What else is in the pipeline?

Tinted sunscreens, a SPF spray that can be used to top up during the day, and potentially a body lotion with SPF. We’re always coming up with ideas -we just need the cash to get them off the ground. It’s a very expensive industry because you hold so much money in stock.

What has been the proudest moment in your working life thus far?

Definitely the launch of Ultra Violette – without a doubt. I’ve had a great and fulfilling career up until now, but there’s nothing like not having to be at a desk all day or to sweat for something and see it do well.

What has been your biggest mistake/learning experience?

Oh goodness, there’s been a few. 1) I’m not a detail person. AT ALL. In fact I hate it but learning to get comfortable with small amounts of detail has been a struggle, but beneficial. It’s expensive to reprint thousands of bottles if you’ve missed an error!!! 2) not listening to my gut and not speaking up when I know something isn’t right or if I know it could be done a better way. It is hard to really listen to your instincts because often there’s fear involved and that influences a decision, but you need to learn how to tune in. It’s a skill I’m still developing!!

Any words of advice/wisdom would you impart to others thinking of setting up their own business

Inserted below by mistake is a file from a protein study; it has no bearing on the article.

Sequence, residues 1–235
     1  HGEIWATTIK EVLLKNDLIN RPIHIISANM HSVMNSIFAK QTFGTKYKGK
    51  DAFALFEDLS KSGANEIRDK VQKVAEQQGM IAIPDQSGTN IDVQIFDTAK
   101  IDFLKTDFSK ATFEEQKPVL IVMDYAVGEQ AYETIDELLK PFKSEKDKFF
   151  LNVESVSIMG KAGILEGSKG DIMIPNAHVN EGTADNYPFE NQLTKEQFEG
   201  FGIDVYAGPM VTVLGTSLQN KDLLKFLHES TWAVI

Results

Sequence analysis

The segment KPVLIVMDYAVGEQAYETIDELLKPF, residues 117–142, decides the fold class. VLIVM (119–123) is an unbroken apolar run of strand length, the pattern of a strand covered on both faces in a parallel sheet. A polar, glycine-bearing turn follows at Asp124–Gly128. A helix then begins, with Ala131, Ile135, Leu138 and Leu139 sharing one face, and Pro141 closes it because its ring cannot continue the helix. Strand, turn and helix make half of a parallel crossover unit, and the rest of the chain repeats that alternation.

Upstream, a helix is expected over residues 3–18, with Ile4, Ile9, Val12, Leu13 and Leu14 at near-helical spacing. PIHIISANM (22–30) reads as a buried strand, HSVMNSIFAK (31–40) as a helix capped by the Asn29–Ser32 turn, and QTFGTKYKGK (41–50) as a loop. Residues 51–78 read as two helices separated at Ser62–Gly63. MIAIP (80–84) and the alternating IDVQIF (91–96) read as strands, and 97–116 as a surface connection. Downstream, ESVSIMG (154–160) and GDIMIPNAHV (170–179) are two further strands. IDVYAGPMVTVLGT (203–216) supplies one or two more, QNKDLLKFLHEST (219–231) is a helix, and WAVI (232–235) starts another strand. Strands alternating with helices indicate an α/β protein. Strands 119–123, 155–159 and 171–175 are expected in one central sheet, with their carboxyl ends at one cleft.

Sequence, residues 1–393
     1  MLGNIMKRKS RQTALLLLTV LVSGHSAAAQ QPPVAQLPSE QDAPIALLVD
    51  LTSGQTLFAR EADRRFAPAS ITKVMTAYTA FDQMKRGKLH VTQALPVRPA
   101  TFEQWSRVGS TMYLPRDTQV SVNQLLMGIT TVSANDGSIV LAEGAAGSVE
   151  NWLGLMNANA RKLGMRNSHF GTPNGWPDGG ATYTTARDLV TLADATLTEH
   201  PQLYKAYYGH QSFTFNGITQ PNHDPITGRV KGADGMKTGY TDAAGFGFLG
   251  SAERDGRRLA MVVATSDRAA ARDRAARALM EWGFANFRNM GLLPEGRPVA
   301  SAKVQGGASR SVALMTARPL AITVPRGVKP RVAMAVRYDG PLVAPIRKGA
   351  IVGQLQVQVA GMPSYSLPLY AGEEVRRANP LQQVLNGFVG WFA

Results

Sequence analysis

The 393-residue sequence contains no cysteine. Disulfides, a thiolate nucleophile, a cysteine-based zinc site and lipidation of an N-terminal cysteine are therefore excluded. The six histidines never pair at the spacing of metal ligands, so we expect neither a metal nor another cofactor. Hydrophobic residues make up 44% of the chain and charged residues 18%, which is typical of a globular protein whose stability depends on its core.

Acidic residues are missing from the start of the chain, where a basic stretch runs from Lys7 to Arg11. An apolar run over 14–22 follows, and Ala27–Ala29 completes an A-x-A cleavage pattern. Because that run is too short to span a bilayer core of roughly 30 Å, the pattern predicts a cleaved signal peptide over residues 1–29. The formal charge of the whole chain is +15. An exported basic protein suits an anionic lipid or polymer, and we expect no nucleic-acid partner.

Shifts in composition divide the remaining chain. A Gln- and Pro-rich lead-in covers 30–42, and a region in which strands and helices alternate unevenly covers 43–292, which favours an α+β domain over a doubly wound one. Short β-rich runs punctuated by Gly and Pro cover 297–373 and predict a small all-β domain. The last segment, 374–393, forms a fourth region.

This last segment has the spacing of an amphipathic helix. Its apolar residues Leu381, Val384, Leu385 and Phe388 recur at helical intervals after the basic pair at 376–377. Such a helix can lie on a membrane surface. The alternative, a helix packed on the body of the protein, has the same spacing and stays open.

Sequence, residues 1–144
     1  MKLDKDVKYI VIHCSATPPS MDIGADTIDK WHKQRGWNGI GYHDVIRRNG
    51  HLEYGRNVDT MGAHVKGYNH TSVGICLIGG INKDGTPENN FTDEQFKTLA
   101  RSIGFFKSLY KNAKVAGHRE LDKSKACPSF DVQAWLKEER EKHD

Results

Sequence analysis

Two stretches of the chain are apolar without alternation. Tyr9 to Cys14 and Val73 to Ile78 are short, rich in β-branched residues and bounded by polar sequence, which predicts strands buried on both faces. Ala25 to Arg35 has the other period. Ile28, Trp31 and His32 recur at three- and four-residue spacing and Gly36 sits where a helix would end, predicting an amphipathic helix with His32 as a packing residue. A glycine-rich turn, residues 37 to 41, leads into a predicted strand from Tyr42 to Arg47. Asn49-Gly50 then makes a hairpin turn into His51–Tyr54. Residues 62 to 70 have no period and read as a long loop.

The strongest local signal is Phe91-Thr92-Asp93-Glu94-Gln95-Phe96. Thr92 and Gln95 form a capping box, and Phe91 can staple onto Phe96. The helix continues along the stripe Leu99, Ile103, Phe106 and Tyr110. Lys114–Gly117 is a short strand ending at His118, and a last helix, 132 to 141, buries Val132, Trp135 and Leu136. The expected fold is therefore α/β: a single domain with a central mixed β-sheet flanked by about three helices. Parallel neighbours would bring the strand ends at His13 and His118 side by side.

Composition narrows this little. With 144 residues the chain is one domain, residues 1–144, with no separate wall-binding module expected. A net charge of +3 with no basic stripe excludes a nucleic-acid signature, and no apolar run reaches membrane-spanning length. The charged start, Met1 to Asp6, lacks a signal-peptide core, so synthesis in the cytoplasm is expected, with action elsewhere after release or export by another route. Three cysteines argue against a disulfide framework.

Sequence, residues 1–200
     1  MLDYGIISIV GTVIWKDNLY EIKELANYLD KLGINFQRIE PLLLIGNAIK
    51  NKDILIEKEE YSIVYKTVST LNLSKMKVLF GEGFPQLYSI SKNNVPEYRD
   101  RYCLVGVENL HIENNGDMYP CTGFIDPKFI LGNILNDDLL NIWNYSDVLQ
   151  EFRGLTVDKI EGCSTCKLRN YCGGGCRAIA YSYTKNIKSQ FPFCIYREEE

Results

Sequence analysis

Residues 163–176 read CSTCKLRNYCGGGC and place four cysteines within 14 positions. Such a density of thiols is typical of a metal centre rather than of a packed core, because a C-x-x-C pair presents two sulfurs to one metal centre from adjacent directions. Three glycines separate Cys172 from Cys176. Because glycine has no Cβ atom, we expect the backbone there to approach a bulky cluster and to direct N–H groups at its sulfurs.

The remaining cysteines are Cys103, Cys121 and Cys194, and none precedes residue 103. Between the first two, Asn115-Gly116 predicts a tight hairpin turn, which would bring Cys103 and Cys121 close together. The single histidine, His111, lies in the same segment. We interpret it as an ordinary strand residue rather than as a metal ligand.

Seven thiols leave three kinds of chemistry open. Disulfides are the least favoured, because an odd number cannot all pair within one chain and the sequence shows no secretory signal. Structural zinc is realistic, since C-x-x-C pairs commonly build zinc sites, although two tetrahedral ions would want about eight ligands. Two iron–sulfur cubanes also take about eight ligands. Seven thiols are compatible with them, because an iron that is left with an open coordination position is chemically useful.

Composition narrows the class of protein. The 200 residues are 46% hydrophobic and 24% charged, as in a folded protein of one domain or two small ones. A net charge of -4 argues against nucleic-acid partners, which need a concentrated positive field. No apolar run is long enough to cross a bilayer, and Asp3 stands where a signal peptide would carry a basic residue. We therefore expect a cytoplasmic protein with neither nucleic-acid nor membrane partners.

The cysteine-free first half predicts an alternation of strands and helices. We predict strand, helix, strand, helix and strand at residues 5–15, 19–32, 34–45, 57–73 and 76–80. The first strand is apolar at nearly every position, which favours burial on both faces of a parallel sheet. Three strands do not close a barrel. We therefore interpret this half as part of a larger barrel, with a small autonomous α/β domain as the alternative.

1) don’t jump unless you’re sure and you can survive financially. You’re going to struggle with cash flow once you launch so there’s no point in making the situation worse for yourself by doing anything prematurely. Work after hours or on weekends to get something running before just jumping. 2) if you have an idea, it’s always great to soundboard it with people you trust and admire – feedback is really important and can make things better and stronger. This is not the time to be proud. 3) do legal/trademark checks, there are some things worth investing in at the beginning and one of them is probably a lawyer. Especially if you’re a product brand, you don’t want to find yourself in a situation where you’re being sued OR you’ve created something and spent a lot of money on it and have to redo it all. 4) Find your people. Whether it’s a business partner or 2, or an unofficial “board of advisors”, people who can advise you or help in an area where you’re not skilled is CRUCIAL. Credit to people who can do this alone but it would be SO hard. 5) invest in your partnership (if you have one), the strength of the team will ensure a more successful business in the end. It will be one of your most important relationships. 6) this is an oldie but worth mentioning, whatever you’re doing is going to cost more and take longer than you think it will. Just accept it. 7) learn from your mistakes (again, has been said before) but don’t dwell on them. Fall off and get back on the horse – quickly.